Definitions: Dystopia, etc.

Definitions

Sewall/Birzer; August 2014

 

Utopia: from the Greek, meaning “perfect place” and “no where.” Plato used it as a joke.

 

Republic: from the Latin, “res publica,” meaning “good thing” or “common good.” Based, in large part, on experimentation and adaptation, natural law, inherent struggle and conflict. Also demands something coherent to hold disparate communities together—usually (ideally) virtue.

 

Cacotopia or cacao-topia: first used in the English language in 1715, meaning a nightmare society in which morals mean nothing and the average citizen worships Mammon and proclaims atheism, but is obsessed with theological discussion. The worse in society—the unethical and depraved—rule. As far as is known, no one employed the word again until 1817 and 1818, when the Utilitarian English philosopher Jeremy Bentham used it in his Plan of Parliamentary Reform.

 

Dystopia or dys-topia: first used in the English language by Bentham’s most famous follower, John Stuart Mill in 1868. In his own writings, Mill used dys-topia as a synonym for “cacao-topia.” When Glenn Negley and J. Max Patrick used the term dystopia in their anthology of over thirty utopian visions (Quest for Utopia, 1952), they incorrectly assumed they were coining the term for the first time in recorded history. Since 1952, in no small part due to Negley’s and Patrick’s usage of it, dystopia has become an accepted and common part of the English language.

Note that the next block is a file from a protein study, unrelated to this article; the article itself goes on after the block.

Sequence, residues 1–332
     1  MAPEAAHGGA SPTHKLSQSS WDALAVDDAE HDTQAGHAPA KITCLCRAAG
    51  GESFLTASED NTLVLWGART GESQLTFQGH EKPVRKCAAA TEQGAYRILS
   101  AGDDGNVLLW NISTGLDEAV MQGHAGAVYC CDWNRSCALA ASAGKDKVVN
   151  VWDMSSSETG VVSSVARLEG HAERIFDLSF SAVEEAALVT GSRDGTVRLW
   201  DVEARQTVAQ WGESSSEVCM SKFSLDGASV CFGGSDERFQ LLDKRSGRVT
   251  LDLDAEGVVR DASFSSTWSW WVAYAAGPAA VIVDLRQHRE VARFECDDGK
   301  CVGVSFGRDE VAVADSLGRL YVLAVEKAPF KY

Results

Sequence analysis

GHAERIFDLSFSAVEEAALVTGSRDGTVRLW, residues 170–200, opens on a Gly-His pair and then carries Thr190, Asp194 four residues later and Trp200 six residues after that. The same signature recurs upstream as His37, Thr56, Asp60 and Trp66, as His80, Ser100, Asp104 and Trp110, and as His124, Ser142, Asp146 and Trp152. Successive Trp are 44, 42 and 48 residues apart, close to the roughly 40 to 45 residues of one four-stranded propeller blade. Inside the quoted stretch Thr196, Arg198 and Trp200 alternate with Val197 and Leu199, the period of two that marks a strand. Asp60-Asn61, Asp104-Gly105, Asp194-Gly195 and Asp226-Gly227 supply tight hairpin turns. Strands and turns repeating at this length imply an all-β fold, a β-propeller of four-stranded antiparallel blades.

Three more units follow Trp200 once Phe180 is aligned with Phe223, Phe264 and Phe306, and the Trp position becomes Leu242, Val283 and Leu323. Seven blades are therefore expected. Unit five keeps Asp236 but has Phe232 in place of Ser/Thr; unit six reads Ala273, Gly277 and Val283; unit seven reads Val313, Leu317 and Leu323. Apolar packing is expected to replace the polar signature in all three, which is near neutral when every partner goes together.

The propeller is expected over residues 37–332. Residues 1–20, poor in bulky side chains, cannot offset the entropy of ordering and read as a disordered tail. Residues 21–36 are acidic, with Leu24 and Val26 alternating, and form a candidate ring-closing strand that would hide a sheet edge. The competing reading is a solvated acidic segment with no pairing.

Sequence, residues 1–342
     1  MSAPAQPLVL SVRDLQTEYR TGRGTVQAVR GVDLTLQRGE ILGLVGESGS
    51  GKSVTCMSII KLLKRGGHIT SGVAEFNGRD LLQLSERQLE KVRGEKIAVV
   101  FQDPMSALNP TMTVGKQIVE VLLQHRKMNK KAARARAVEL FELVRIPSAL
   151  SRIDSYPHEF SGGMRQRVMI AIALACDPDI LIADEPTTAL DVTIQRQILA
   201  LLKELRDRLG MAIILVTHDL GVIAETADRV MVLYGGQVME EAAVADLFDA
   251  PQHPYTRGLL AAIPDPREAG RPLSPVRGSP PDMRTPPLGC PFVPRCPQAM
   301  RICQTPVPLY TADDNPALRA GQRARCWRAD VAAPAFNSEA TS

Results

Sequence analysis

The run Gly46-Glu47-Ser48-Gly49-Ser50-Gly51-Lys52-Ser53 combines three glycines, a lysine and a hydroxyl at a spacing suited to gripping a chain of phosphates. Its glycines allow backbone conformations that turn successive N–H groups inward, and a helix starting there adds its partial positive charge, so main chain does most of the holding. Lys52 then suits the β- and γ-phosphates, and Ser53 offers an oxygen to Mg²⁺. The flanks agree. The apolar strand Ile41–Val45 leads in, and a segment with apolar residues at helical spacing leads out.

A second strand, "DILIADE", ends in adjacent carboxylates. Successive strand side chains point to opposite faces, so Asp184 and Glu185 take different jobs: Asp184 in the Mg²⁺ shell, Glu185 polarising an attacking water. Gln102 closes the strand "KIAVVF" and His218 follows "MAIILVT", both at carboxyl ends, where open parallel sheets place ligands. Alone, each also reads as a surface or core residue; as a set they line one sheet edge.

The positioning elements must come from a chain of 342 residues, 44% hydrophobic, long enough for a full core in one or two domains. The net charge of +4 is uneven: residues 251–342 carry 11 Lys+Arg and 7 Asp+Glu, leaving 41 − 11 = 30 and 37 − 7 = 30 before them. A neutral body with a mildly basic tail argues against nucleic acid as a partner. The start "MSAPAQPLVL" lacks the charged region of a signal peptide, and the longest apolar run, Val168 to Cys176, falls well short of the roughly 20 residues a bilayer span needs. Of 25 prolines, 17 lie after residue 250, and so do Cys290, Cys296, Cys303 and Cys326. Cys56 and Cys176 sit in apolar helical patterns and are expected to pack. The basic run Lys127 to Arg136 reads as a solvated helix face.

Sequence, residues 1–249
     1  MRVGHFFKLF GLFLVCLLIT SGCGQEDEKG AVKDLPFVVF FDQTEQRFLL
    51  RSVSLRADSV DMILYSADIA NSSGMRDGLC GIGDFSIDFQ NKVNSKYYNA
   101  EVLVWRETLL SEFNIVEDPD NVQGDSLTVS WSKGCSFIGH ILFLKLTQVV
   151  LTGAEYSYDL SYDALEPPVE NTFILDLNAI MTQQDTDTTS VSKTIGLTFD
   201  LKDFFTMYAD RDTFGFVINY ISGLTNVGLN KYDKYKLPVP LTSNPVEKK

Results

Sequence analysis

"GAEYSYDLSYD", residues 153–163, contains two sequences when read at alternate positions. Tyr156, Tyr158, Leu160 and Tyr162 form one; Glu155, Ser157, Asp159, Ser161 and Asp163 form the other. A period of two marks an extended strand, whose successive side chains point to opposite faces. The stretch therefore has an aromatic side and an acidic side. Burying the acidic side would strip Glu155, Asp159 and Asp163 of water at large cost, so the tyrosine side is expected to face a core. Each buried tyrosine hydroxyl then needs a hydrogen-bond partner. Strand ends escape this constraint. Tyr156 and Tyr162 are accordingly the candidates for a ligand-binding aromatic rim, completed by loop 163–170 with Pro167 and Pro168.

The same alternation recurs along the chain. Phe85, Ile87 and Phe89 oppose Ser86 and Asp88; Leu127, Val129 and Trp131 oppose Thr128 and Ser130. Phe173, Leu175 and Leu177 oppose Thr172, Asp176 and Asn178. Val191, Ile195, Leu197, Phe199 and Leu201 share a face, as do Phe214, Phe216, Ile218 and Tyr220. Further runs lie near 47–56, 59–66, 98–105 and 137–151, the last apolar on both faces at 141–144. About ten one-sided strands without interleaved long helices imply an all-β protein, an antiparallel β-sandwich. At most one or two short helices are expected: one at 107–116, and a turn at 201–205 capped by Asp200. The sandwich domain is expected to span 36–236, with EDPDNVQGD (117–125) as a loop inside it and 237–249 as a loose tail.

Cacotopia vs. Dystopia. Recent scholars, such as Matthew Beaumont and Eric D. Smith, have attempted to distinguish cacotopia and dystopia. The former, they claim, deals far more with the moral decline of a society while the latter deals with the increased intrusion of government in the lives of ordinary citizens. I (Brad—your prof) am less than convinced by this hairsplitting, but the argument as presented is certainly a viable one and one with the potential to make a permanent mark on dystopian studies.

 

Ustopia. One of the foremost scholars and writers of dystopian fiction, Canadian Margaret Atwood, claims that the separation of utopia and dystopia, itself, is a false one. All Utopias must contain dystopian elements, and all dystopians must possess utopian ones. “But scratch the surface a little, and—or so I think—you see something more like a yin and yang pattern; within each utopia, a concealed dystopia; within each dystopia, a hidden utopia, if only in the form of the world as it existed before the bad guys took over” (Atwood, In Other Worlds, 85) Why is this the case? Because utopians must always stop human progress and ingenuity, thus creating a false stability based on the notion of one person, group, or generation. “There is always provision made for the renegades those who don’t or won’t follow the rules: prison, enslavement, exile, exclusion, or execution,” Atwood continues (In Other Worlds, 86)

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